Top prospect Vergil Ortiz Jr got good work in tonight against Antonio Orozco, and in the end, he stayed perfect, stopping Orozco in the sixth round of their welterweight main event on DAZN.
The 21-year-old Ortiz (14-0, 14 KO) had home field in Grand Prairie, Texas, and though Orozco (28-2, 17 KO) gave him some good rounds and showed us that, yes, Ortiz still has some rawness to his game and some learning to do, it’s not just hype. This kid has top-level talent.
Orozco, 31, had never been stopped before, and even in his previous loss, he went 12 hard rounds with Jose Ramirez, a world champion at 140. But once Ortiz finally got to him in the sixth round, the kid was too much, dropping Orozco three times and forcing the stoppage. If there’s one thing Ortiz already has for sure, it’s that he’s a terrific finisher. This is back-to-back fights where he’s stopped good veteran fighters who had never been stopped before, following his wicked May knockout of Mauricio Herrera.
But Ortiz was very humble after the fight, not getting ahead of himself in terms of where he is.
“I don’t like the way I did in the fight,” Ortiz said. “First three or four rounds, I could have done better. I’ve definitely got a long way as a boxer to reach that world champion status.”
“I’ve been getting all these knockouts,” he continued. “I’ve said they haven’t gotten into my head, but you can see in the first round, I got a little excited. I had to force myself to slow down. I’m just going to learn from this fight.”
Joshua Franco D-10 Oscar Negrete
These two fought last October, going to a split draw. They fought again in April, with Franco winning a split decision. And now another split draw: 96-94 once for each guy, and 95-95. Franco (15-1-2, 7 KO) and Negrete (18-2-2, 7 KO) are just incredibly closely matched, and after doing this three times — all of them good fights — it’s probably time for both to move on. The 23-year-old Franco probably doesn’t want to just be known for his fights with Negrete, 32, and says he’d like to fight someone else, to go on with his career. Negrete says he thinks Franco got favorable scores at home in Texas.
Numbers-wise, you can make the case either way, probably. Negrete was busier, landing 217 of 1,018 (21%) total punches and 197 of 820 (24%) power shots. Franco was more accurate, landing 251 of 832 (30%) total and 201 of 514 (39%) power. But it’s probably time for them to separate, particularly Franco who could probably be maneuvered into at least one title fight.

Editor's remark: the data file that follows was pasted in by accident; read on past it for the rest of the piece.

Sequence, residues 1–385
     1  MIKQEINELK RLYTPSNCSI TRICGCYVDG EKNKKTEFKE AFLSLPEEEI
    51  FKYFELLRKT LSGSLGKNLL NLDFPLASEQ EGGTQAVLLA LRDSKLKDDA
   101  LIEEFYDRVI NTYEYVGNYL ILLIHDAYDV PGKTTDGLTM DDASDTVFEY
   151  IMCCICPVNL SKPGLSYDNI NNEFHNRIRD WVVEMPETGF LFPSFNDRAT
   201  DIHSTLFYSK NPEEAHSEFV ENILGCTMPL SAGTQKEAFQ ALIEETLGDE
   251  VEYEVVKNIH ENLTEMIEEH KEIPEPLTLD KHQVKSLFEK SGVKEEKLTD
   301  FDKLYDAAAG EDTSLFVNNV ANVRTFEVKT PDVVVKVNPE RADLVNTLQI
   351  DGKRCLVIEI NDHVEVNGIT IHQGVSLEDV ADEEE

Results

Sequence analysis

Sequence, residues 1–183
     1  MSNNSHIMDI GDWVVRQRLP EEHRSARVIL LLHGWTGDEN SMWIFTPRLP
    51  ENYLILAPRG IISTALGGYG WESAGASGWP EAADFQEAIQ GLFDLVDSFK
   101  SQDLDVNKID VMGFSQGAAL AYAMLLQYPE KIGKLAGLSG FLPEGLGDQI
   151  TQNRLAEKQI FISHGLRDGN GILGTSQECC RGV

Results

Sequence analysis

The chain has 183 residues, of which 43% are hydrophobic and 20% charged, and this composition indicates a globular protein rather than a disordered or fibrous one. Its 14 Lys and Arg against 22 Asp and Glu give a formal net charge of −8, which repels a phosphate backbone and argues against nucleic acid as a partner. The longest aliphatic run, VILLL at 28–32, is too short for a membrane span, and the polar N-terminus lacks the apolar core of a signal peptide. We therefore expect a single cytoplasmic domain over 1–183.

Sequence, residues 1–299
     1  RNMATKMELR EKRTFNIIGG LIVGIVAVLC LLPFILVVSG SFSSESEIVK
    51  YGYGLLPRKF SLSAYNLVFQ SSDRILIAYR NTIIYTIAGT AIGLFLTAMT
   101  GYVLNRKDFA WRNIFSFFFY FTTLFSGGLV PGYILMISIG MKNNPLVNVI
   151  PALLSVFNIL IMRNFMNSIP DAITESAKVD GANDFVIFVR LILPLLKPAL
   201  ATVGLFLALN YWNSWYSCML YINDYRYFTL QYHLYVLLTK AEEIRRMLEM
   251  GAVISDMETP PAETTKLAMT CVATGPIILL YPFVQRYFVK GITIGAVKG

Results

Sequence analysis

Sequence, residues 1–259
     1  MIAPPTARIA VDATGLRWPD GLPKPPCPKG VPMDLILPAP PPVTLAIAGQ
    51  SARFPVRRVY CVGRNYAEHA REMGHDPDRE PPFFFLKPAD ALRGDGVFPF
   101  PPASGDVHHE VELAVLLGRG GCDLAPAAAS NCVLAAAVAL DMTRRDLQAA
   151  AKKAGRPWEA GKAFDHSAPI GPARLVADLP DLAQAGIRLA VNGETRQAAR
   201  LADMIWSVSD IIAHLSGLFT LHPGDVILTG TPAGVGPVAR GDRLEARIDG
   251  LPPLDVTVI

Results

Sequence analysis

Hector Tanajara Jr UD-10 Ezequiel Aviles
Pretty easy work for Tanajara (18-0, 5 KO), a 22-year-old lightweight prospect from San Antonio whose upside frankly may be a fight with Ryan Garcia at some point down the line. He’s a good, solid young boxer, but being honest nothing about him leaps off the screen when you watch him. That’s not to say that’s the end all, be all of anything — there have been some very successful fighters in recent years I kinda thought the same about, like Danny Garcia and even Mikey Garcia. Consistency can be wildly underrated, and Tanajara seems a very consistent sort even if he lacks that obvious Big Thing that would make him an even better prospect on paper.
Marcelino Lopez KO-5 Daniel Echeverria
This was basically a C-level fight on the card, and the DAZN team were pushing Lopez, a 33-year-old Argentine fringe contender (at best) pretty hard, giving me the impression someone’s got a plan for this guy soon. Lopez (36-2-1, 21 KO) has a fine KO percentage, but hits harder than even that would make you think. Echeverria (21-9, 18 KO) had some success with pit-a-pat stuff from distance, but once Lopez found him, it was over. Echeverria went down twice in the fourth round and was cracked and took the 10 count late in the fifth. It’s a fourth straight win, all by stoppage, for Lopez, who hadn’t fought since Jan. 2018 before returning with an easy fight in late June.
Travell Mazion UD-8 Jeremy Ramos
Scores were 78-73 twice and 80-71 for Mazion, an unbeaten (15-0, 12 KO) 24-year-old junior middleweight prospect. Mazion is tall (6’2”) and has potential, and Ramos (11-7, 4 KO) was the right opponent for him, a guy who wasn’t a big threat to win but can be counted on to give a young guy rounds and a scrap. Ramos was dropped in the first, but he legitimately won a couple rounds as it went on, taking advantages of the chances Mazion gave him. This was Mazion’s first fight in about 11 months as he dealt with some injury issues, and all in all this was a good comeback performance.
Alex Rincon KO-2 Joel Guevara
Guevara (4-6-1, 3 KO) is a 31-year-old club guy from West Virginia, you may recall him as the victim of Austin Williams’ pro debut on April 26. Rincon (7-0, 6 KO) basically couldn’t miss with his right hook from the southpaw stance, and the 24-year-old junior middleweight prospect battered Guevara late in the first, then dropped and finished him less than a minute into the second. Alex’s older brother George, a 27-year-old junior welterweight, fought off TV and scored a first round KO earlier on the show. Alex is an interesting prospect — tall (6’2”) at 154, southpaw, has some power, puts punches together well. He’s got a lot of steps up the ladder left to go, but he’s doing his job so far.